My memory is shocking. Gone are the days where I could correct anyone on ‘facts’ or ‘reason’ because of my awesome memory. I can’t blame it on baby brain or chemo brain or even menopause brain. It’s just gone. I actually have to calculate things when I’m speaking them; write EVERYTHING down. Work stuff I can get by, but I’m forgetting stuff to do with me and that’s what gets to me.

Most days I can rush through, because I’m in a flurry of spreadsheets and queries and people.
Some days glide because somehow the planets have aligned and everything goes as it should.

And then there are days when it seems like time stops; just for a fleeting second. Maybe 5 seconds.
But those 5 seconds are so long, it can feel like you’ve remembered every tiny detail from a time long ago, from the clothes you wore to the smell of a room to touch of a speculum.

Yesterday as I walked through the longest corridor Whipps Cross hospital has, on my way to my complementary therapy massage (that’s another blog for another day) and for anyone that knows this hospital, it’s split into junctions. Pretty clearly defined and there is always a hustle and bustle of nurses, surgeons and family members trying to find their loved one.

Junction 7 is for breast imaging and ultrasound. I usually walk past this corridor as quick as I can because even though I forget to grab a birthday card the day after the birthday or forget to take my lunch 4 days in a row I can remember that area and that day so clearly.

I remember walking in and seeing Sue the receptionist and being ushered to waiting room A. I remember sitting on the polyvinyl seats and shifting every now and again.
I remember holding Pete’s hand and digging my nails in as the minutes ticked by.
I remember saying that I didn’t want him to come into the scan room, that I didn’t want a fuss made.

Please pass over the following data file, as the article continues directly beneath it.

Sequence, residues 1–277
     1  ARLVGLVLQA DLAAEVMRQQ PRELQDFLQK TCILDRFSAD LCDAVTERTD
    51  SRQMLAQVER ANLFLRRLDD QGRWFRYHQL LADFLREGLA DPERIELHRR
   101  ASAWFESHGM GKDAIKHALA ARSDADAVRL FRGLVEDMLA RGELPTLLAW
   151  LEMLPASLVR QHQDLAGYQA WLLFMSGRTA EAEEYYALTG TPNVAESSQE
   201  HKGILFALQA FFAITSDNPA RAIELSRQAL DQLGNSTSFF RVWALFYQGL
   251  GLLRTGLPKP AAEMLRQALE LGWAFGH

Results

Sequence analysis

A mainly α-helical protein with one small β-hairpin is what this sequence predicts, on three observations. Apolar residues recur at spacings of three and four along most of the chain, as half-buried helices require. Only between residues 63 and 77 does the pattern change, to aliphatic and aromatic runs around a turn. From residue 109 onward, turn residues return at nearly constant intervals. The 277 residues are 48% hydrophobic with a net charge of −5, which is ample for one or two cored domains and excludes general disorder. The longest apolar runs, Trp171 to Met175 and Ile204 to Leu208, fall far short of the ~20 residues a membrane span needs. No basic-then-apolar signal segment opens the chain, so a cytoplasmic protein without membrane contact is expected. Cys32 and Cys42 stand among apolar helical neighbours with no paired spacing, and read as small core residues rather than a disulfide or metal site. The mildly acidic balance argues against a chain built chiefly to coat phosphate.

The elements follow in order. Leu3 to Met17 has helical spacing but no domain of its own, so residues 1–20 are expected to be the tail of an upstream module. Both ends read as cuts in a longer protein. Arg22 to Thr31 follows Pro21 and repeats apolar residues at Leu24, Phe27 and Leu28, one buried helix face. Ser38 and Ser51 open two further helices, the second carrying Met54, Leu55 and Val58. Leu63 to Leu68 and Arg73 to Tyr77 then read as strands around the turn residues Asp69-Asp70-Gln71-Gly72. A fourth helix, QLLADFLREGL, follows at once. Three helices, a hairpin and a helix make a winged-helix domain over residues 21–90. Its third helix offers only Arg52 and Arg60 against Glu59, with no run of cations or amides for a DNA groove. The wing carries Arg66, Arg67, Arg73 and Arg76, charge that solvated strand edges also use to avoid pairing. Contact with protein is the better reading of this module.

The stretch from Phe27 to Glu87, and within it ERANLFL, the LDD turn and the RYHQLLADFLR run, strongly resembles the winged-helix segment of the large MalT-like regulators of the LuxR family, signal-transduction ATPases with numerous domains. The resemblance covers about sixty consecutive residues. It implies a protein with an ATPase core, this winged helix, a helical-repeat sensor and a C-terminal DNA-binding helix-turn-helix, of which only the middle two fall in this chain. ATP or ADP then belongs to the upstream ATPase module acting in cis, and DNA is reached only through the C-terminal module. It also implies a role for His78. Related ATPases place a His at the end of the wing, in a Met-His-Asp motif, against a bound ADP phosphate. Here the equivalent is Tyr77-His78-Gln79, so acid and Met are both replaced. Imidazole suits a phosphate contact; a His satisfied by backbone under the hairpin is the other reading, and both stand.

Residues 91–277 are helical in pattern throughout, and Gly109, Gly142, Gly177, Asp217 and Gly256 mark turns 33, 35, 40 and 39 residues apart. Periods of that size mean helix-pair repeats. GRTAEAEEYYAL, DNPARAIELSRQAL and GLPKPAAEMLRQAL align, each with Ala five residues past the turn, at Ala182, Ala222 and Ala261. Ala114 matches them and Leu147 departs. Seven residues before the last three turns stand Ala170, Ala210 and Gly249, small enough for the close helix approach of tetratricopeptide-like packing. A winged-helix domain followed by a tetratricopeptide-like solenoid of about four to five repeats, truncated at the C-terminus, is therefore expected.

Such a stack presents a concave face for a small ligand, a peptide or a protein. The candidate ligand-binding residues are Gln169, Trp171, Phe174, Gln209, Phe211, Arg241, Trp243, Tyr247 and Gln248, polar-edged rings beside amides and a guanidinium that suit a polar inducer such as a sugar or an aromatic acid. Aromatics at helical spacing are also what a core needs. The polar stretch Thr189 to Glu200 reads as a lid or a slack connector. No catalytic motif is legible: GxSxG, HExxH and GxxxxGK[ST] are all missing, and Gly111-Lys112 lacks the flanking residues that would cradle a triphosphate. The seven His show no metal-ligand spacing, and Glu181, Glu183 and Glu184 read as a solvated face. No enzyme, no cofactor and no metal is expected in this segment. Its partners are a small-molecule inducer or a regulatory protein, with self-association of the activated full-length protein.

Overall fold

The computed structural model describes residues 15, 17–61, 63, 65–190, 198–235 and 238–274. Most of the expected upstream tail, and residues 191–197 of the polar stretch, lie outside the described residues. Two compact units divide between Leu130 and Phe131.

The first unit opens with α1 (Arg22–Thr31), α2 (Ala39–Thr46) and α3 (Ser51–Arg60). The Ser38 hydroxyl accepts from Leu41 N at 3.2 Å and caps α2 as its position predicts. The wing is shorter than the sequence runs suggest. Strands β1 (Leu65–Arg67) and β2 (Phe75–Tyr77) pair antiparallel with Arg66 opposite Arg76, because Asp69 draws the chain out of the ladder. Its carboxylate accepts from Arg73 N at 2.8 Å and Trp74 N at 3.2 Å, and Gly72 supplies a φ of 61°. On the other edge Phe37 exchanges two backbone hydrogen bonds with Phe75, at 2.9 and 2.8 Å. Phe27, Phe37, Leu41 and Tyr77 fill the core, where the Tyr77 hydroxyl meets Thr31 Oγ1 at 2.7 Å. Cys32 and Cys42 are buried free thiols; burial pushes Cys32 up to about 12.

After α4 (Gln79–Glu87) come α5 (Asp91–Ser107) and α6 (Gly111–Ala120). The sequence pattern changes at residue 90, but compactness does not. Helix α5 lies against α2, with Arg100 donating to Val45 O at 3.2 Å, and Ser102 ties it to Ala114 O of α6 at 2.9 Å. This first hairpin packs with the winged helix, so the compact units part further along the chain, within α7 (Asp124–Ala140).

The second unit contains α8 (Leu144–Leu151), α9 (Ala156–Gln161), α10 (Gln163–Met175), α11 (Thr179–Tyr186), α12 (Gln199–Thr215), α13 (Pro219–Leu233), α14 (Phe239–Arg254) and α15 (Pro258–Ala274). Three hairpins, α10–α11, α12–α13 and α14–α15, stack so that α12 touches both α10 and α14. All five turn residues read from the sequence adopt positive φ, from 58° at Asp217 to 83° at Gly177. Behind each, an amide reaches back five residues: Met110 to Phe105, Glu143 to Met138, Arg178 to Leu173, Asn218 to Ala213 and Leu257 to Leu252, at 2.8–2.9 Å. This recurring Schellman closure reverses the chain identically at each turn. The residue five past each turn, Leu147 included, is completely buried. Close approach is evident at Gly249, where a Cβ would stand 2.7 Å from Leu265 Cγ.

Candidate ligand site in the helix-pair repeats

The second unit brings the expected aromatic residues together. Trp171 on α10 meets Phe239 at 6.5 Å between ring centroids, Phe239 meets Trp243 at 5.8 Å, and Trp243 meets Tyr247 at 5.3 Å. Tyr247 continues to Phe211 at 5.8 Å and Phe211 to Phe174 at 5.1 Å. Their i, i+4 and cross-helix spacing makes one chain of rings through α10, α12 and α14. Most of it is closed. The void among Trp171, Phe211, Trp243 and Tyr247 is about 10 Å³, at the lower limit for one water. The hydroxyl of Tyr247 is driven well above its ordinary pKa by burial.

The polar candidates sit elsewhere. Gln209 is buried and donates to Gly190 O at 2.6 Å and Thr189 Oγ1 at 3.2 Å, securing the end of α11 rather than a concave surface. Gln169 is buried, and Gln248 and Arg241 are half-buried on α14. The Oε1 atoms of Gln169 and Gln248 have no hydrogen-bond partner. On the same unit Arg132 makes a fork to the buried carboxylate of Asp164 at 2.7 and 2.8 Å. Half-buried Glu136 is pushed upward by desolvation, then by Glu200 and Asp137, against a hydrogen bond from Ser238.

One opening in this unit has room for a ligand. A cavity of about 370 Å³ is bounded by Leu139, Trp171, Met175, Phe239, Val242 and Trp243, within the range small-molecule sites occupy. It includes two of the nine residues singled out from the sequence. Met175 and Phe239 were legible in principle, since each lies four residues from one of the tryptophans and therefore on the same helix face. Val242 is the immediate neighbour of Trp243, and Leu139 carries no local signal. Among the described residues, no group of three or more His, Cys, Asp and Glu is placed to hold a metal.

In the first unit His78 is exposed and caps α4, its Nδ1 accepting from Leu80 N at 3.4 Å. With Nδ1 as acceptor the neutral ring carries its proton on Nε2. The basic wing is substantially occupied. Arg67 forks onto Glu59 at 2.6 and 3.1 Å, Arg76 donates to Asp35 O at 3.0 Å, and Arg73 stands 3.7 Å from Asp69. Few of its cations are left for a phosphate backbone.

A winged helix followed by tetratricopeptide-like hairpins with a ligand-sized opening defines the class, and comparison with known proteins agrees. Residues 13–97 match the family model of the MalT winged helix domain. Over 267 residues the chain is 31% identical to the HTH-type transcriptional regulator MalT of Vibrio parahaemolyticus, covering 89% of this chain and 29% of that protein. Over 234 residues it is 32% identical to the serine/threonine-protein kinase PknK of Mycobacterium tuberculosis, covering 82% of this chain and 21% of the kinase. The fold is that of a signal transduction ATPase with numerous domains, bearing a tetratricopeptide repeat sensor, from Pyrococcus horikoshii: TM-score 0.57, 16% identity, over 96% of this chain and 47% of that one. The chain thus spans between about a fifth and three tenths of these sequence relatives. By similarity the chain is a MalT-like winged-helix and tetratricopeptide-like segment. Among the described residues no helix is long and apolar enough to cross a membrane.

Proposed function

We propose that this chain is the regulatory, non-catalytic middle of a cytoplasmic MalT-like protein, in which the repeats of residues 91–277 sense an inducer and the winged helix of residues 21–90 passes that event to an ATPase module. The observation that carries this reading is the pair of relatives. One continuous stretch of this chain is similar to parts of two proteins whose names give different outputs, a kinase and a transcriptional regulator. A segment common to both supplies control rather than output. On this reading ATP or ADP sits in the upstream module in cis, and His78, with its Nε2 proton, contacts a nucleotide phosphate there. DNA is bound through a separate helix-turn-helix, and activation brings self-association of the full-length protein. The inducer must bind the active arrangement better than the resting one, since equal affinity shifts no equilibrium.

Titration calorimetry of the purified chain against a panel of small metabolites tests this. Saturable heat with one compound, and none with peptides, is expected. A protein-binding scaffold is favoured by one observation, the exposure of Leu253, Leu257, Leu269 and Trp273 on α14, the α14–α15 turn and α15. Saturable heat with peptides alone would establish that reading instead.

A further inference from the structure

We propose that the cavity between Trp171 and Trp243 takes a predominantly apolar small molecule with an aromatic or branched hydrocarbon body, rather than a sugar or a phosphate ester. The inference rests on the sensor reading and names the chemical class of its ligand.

I remember that I was wearing my red tunic top with sequin hearts and my leggings that were probably a tiny bit too thin.
I remember walking in and undressing and lying on the cold bed with a paper towel for dignity.
I remember the TV screen which less that two years prior showed me a 20 week scan of my Cub.

And I remember the image of something else on the screen.
A fuckwit.
I remember the technicians face of baffled complexity and equally the face of her colleague she asked a second opinion for.

I remember the deafening silence when they realised what they were looking at; the speed in which they turned the screen off as though to spare me.

I remember apologising for making a mess of blood on the bed when I got up (fuckwit was a bleeder).
I remember waiting for the letter to get me pushed up the list for a gynaecologist and the nurse to tell me that I was seeing my GP the next morning.

I remember lying to Pete and to myself when I said ‘oh it’s just a fibroid’.

I knew. I knew it right there and then that it was cancer.

I say the 2nd November is the day that changed my life but the 2nd October played a massive part too.

I can’t remember a card and I can’t remember my lunch.

I wish, oh I wish I didn’t remember this.